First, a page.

Outlook Business (OB): Welcome to the 9th Outlook Business annual private wealth roundtable. While the pandemic has impacted the world in more ways than one, a look at the stock market seems to suggest that it is business as usual. How much of that is irrational exuberance and how much of it is justified?
Yatin Shah, Executive Director, IIFL Wealth: For the first time, we have seen three crises bundled in one – economic, humanitarian and financial. So, there is no playbook. The US Fed does not want a financial crisis, and for that reason, asset prices have been kept high through low rates and excess liquidity. Much of that liquidity has found its way to emerging markets. Going into next year, we are focused on three things: one is risk appetite which drives asset allocation, second is valuation of various assets, and the third is interim return, because for the first time in 20 years, savings bank rate is higher than the return generated by liquid funds.
OB: Yatin, do you think we can head higher from here or are we in bubble territory?
There is strong correlation between risk-free rate and valuation in equities, and if the cost of capital comes down, the P/E ratio expands. Investors are now attuned to a ‘new normal’ because it has been almost a decade or so that central bankers have kept rates low. So, I would not bet against it. You might look at the P/E band of Nifty for the past 20 years and feel we are in an overvaluation zone. But, index weightages have changed from industrial manufacturing, oil and gas, and banking that were guzzlers of capital, to getting overweight with technology, pharmaceuticals and FMCG which don’t need capital, have high cash flows and zero debt. Hence, you can’t say that 20-year Nifty P/E was 16-18x, and therefore, it is now overvalued.
OB: How are you approaching real estate?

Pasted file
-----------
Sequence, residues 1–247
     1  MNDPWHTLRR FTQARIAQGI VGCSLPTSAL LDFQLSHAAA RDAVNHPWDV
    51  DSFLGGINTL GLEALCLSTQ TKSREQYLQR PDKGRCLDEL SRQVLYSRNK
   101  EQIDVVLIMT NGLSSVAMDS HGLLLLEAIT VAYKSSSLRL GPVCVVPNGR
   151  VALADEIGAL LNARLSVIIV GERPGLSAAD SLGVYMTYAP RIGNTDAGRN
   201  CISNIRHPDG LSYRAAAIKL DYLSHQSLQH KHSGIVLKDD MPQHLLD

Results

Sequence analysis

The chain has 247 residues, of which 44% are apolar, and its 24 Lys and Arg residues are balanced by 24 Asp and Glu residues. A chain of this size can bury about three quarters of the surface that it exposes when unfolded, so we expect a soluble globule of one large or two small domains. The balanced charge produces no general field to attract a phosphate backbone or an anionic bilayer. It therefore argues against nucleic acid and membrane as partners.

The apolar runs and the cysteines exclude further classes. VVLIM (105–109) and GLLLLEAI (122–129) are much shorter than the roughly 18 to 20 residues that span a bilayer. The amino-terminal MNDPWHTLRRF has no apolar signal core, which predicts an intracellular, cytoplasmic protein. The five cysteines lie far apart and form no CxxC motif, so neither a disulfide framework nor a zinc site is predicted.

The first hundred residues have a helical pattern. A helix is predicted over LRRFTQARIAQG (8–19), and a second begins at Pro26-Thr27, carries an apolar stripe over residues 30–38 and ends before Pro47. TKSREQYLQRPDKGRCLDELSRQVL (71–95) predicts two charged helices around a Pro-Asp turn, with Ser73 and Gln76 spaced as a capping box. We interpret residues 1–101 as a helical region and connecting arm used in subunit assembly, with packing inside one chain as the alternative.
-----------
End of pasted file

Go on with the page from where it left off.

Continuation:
I don’t see many of my clients wanting to own commercial standalone units, which they thought was a good thing — own an office and earn rent on it. They are happy to earn 7% post-tax dividend yield and capital appreciation of 3-4% through REITs. We have started with10%, for most portfolios, whether it is conservative, moderate or aggressive. We have gone at least 10% into REITs because there is nothing left in fixed income.
OB: Are you erring on the side of caution?
We like hold-to-maturity products. We don’t play credit bucket in mutual funds and we did not have a single rupee in Templeton MF, not because we expected that Templeton will face liquidity challenges, but because the strategy had ALM mismatch. Investors can redeem next day, but you are lending for three to seven years. With hold-to-maturity products, all investors exit together after two or three years, which is not the credit strategy in open-ended credit funds.
OB: What should one expect in terms of return over the next year?
We also see a lot of opportunity in alternatives. India has over $40 billion worth of unicorns, and most clients don’t have access to it. We are launching a technology fund which is going to be pre-IPO and growth companies, where we get to participate in the India tech story. Investors are underexposed and we want to take that allocation to 10-20% of the portfolio. REITs is another big opportunity. The third is asset-backed credit funds, be it promoter shares or real estate. It is seeing 12-16%return because mutual funds and NBFCs have vacated this space.